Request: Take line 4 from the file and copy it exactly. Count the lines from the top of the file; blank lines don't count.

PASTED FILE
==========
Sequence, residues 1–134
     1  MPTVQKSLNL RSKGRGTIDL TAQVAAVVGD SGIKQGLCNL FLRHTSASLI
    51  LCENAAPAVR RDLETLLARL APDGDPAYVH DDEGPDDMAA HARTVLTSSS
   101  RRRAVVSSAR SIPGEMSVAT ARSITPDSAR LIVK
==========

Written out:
   101  RRRAVVSSAR SIPGEMSVAT ARSITPDSAR LIVK